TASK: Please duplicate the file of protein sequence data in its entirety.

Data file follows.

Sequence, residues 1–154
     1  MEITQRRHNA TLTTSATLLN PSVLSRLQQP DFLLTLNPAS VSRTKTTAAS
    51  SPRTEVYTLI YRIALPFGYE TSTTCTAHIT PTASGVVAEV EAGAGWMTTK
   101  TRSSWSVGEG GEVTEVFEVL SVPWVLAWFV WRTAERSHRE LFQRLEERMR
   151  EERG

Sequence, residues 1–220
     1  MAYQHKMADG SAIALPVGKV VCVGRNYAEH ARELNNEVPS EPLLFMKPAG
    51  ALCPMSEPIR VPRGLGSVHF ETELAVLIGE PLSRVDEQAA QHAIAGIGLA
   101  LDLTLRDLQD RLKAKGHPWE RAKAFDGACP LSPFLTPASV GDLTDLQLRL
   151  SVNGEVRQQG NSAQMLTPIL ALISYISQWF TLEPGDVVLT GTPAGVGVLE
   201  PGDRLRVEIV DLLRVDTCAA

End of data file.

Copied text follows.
Sequence, residues 1–154
     1  MEITQRRHNA TLTTSATLLN PSVLSRLQQP DFLLTLNPAS VSRTKTTAAS
    51  SPRTEVYTLI YRIALPFGYE TSTTCTAHIT PTASGVVAEV EAGAGWMTTK
   101  TRSSWSVGEG GEVTEVFEVL SVPWVLAWFV WRTAERSHRE LFQRLEERMR
   151  EERG

Sequence, residues 1–220
     1  MAYQHKMADG SAIALPVGKV VCVGRNYAEH ARELNNEVPS EPLLFMKPAG
    51  ALCPMSEPIR VPRGLGSVHF ETELAVLIGE PLSRVDEQAA QHAIAGIGLA
   101  LDLTLRDLQD RLKAKGHPWE RAKAFDGACP LSPFLTPASV GDLTDLQLRL
   151  SVNGEVRQQG NSAQMLTPIL ALISYISQWF TLEPGDVVLT GTPAGVGVLE
   201  PGDRLRVEIV DLLRVDTCAA